Even Walt Disney was told he lacked imagination by a newspaper editor at one of his first jobs.
Meanwhile, J.K. Rowling didn’t publish the first Harry Potter book until she was 32 years old, when she was a depressed single mother with almost no money.
These are just two examples of thousands — it’s almost a guarantee that if you read a successful person’s biography, you’ll find at least half a dozen failures that made them who they are today.
Imagine what would have happened if they’d given up.
5. Don’t hold everything in
In Britain during the war, the government told everyone to “keep calm and carry on.” This might be a useful tactic to employ during wartime, but you don’t need to be an emotionless robot in everyday life.
It’s okay to get upset.
Letting all those emotions out is actually a great way to come to terms with what’s happened and move on.
Everyone has a different way of embracing how they feel. For some people, it’s as simple as a conversation with a loved one. Others might have a creative release, like writing a song or journaling in their diary.
You’ll often find that this gives you some perspective and makes you realize your failure truly isn’t the end of the world.
6. Seek out inspiration and motivation
Once you’ve gotten over the worst of your failure, it’s time to inject some positivity into your life!
The internet is littered with people trying to achieve the same things as you, or who’ve already achieved them, that create inspiring content.
This can really help to turn that frown upside down!
How To Fail with Elizabeth Day is the perfect example — it’s a podcast dedicated to examining successful people’s failures and dissecting how they learned from their experiences.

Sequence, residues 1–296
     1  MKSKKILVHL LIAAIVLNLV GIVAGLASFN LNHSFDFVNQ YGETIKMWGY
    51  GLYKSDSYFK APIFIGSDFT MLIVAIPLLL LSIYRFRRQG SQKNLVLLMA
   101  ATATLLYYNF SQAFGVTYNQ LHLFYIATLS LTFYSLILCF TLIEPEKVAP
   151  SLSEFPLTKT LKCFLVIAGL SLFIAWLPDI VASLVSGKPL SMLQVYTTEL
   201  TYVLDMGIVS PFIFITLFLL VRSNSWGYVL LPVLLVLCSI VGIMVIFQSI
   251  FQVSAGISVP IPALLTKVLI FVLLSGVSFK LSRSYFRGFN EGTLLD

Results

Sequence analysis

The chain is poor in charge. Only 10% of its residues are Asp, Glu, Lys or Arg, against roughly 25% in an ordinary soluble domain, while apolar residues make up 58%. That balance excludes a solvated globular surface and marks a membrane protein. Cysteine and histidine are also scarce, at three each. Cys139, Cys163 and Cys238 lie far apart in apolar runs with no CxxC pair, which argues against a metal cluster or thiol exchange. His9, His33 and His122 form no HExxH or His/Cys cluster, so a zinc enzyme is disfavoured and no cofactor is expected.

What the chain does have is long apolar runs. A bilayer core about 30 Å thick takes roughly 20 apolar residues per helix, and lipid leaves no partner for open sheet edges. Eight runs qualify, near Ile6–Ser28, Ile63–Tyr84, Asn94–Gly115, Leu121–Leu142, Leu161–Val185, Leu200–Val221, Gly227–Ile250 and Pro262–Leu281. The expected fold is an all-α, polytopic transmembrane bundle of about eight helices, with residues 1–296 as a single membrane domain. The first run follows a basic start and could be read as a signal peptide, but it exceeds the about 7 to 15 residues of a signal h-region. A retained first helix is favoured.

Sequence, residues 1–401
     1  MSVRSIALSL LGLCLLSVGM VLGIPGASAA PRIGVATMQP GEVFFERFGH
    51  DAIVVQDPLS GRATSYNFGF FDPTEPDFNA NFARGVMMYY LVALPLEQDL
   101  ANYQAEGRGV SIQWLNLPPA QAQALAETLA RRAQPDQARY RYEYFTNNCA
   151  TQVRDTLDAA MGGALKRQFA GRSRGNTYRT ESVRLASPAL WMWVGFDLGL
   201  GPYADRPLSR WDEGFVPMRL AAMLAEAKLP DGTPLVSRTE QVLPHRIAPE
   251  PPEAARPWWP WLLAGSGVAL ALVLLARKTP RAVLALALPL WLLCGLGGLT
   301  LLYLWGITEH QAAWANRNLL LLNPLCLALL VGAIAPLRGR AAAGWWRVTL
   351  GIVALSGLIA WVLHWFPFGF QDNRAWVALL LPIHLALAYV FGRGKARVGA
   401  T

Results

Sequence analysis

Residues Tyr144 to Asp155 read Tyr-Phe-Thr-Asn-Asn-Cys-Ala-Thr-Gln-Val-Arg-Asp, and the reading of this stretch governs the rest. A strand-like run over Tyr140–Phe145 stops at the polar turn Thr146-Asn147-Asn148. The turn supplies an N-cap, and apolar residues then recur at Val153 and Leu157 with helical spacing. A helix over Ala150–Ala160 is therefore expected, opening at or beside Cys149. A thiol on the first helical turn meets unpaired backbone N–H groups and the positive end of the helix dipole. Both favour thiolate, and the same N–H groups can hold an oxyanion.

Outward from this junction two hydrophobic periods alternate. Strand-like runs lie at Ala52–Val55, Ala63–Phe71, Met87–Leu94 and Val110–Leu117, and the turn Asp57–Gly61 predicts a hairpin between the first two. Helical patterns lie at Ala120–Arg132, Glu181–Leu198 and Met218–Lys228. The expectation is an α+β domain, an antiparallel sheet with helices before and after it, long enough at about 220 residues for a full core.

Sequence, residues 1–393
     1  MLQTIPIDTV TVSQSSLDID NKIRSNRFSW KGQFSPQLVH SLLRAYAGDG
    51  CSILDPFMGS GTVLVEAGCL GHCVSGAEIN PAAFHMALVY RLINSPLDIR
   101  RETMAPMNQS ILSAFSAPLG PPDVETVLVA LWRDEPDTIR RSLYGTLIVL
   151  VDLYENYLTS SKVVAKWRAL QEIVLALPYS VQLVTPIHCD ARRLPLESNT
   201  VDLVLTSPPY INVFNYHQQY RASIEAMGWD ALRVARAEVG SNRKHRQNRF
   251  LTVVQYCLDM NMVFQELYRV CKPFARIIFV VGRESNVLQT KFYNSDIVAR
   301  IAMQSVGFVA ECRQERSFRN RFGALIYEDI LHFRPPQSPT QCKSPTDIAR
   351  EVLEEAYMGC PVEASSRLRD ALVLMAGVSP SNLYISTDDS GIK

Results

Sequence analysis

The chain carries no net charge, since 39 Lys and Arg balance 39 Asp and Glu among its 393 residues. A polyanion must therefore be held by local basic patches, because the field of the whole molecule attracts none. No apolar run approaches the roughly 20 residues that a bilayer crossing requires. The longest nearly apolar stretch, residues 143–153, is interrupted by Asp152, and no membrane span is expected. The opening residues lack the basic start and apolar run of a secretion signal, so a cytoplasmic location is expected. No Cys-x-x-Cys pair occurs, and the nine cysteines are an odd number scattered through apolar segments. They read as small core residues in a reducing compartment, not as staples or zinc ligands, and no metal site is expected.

7. Move on quickly
As outlined already, there’s no shame in feeling sad for a while and wallowing in your emotions.
But don’t wallow in them for too long.
Eventually, a time comes where you need to move on. You should reach this point naturally, but it can also help to put a time limit on your “recovery time” — one or two weeks should be enough.
If you’ve already spent some time thinking about what you can learn your setback and change for your future approach, this is the perfect time to draw up a plan.
8. Take action
You know what happens when you’ve made a plan?
Yep, you guessed it — execution.
Anyone who really struggles with a fixed mindset will find this difficult. A classic excuse people make is spending too much time trying to make the perfect plan.
This is just your mind playing tricks on you.
The sooner you start trying things out and learning, the better. Even if that involves a little more failing!
It’s okay to start with baby steps. Even if you only take a few minutes of action every day, it’s enough to build momentum if you’re consistent.
9. Build your confidence
Obviously, building your confidence is no easy task.
But it can be done!
This is probably not what you want to hear, but one of the easiest ways to improve your self-esteem is to face your fears head-on.
Yes, that potentially means more failures.
The more you get used to doing the things that terrify you, the quicker you’ll recover.
Of course, all the other tips on this list also help.
Bottom line: Time to grow from your failures!
Overcoming failure effectively takes a mixture of theory and practice.
First, you need to understand why failure scares you so much — and why this is a limiting belief holding you back. Then, you have to take action by facing your fears.
Go easy on yourself; nobody can rewire their brain overnight.
But trust that, within time, you’ll be a badass who is completely unfazed by failure.